Last month, the Denver City Council did a pretty good imitation of The Soup Nazi from the old Seinfeld sitcom (“No Soup for You!”) when it raised objections to leasing Chick-fil-A space for a restaurant at Denver’s airport.
Council members blocked the routine approval of the lease while it investigated its “business practices.” Chick-fil-A’s sin was that Dan Cathy, now the chain’s CEO had opposed gay marriage back in 2012 and a charity tied to the company had contributed to groups hostile to the concept. Cathy has since said he regretted expressing political views on the issue.
But none of that satisfied the chain’s critics. Councilman Jolon Clark sniffed that “we can do better than this brand in Denver at our airport, in my estimation.” Councilwoman Robin Kniech worried the chain would use its profits “to fund and fuel discrimination.”
The move to punish Chick-fil-A for the opinions of its CEO sparked outrage across the country. Then city-council members sat through a closed-door briefing from Denver’s city attorneys, where they were warned that barring a business on the basis of political prejudice would be a one-way ticket to a successful First Amendment lawsuit. Minority groups spoke up against the council, noting that Chick-fil-A’s local partner was a minority-owned business named Delarosa Restaurant Concepts.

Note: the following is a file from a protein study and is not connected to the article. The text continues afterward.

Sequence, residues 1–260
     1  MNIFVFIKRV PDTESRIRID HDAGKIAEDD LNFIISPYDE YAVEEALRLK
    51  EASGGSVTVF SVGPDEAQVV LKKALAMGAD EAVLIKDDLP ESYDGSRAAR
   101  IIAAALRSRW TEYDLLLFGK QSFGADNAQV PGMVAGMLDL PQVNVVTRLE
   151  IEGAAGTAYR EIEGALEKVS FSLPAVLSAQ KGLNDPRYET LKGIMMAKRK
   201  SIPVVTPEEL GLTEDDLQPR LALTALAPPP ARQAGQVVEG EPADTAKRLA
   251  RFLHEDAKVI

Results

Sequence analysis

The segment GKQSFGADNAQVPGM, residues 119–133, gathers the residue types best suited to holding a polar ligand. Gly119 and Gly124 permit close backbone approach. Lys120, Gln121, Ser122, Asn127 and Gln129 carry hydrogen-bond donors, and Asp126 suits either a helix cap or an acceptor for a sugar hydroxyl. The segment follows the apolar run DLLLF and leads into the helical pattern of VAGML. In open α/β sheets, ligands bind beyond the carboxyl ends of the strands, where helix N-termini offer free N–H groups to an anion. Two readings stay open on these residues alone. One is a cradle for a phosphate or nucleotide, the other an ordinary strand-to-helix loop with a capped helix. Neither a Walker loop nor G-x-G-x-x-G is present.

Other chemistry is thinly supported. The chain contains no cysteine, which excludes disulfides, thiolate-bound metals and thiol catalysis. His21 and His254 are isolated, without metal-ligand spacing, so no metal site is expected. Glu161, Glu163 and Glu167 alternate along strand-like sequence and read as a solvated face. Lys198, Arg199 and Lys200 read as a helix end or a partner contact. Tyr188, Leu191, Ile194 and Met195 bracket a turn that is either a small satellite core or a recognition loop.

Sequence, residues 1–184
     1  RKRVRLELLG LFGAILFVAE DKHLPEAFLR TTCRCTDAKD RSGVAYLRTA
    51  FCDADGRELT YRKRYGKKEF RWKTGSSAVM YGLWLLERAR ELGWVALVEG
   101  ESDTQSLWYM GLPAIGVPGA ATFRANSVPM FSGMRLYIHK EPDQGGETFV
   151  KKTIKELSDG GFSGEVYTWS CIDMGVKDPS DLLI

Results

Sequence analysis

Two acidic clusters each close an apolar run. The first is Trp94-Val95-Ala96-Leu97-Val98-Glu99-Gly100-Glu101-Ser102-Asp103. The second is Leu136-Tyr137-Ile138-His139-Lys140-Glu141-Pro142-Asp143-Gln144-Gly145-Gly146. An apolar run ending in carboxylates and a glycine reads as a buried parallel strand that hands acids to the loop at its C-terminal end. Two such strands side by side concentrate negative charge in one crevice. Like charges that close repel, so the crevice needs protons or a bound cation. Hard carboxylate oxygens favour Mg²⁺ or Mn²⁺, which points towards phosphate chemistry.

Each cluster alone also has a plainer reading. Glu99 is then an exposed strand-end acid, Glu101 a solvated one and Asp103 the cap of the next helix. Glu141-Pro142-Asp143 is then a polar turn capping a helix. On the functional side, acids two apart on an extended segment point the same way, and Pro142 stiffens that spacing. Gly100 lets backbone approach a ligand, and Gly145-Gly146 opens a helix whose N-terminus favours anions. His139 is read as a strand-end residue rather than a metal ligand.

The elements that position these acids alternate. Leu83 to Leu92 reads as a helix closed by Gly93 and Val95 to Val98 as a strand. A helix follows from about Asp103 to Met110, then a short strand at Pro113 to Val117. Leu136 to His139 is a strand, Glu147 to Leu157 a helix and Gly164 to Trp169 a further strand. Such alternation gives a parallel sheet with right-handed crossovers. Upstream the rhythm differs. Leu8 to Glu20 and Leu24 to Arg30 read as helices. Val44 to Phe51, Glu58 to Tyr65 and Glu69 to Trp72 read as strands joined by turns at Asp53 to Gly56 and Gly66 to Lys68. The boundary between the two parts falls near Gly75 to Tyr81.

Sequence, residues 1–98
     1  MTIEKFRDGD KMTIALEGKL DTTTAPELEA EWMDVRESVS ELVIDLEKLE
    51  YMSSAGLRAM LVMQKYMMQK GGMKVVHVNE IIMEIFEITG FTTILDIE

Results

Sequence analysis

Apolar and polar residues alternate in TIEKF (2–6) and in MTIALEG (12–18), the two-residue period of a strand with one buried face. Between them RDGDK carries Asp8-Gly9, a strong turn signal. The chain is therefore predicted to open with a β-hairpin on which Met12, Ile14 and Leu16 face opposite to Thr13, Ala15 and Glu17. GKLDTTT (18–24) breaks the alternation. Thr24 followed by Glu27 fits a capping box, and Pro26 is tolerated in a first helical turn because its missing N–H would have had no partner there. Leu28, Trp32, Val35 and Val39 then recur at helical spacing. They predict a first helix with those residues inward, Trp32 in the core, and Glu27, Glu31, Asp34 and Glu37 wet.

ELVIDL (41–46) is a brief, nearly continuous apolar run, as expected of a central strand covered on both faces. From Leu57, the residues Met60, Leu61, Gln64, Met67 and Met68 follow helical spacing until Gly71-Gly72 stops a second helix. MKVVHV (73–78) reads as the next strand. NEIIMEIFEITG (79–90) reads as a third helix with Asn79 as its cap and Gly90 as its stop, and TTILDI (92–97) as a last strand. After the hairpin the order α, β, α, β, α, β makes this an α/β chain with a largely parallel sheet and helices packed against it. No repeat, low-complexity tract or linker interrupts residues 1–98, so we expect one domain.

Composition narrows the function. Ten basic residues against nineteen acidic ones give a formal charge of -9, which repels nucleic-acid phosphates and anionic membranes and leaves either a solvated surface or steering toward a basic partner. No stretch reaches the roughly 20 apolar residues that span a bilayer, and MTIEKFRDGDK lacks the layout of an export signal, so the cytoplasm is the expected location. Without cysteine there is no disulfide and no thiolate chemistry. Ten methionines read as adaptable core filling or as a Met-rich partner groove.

At least one council member fretted that continued opposition to Chick-fil-A’s application would open a can of worms. A May audit by the city of Denver had found that half of the airport’s food and beverage business was in the hands of just three operators. “The auditor exposed ‘questionable’ financial wealth claims by some concession owners certified by the city as ‘economically disadvantaged,’” reported columnist Michelle Malkin.
Having an ugly fight over chicken at the airport would open up the manipulation of the airport concession process. Last fall, a business group called DIA Retail filed suit against the city council for allegedly joining with airport officials to unfairly rig the winning bids for running the airport’s duty-free shops.
So suddenly, Denver’s city council proclaimed itself satisfied that Chick-fil-A was worthy of an airport lease. “I don’t have any concerns about moving this forward based on what I’ve learned in the last two weeks,” Councilwoman Kniech said.
Sadly, while Chick-fil-A won this round, it was in a fight it should never had to engage in. None of the city-council members who expressed a desire to deny its lease have backed down from the position that they had to right to exclude Chick-fil-A because they didn’t like it. “I think it’s important that [for] every contract, we have the opportunity to question and comment on everything that comes through,” maintains Councilman Paul Lopez. In other words, the political speech police are still armed and dangerous when it comes to deciding just what businesses pass muster in Denver and in many other cities.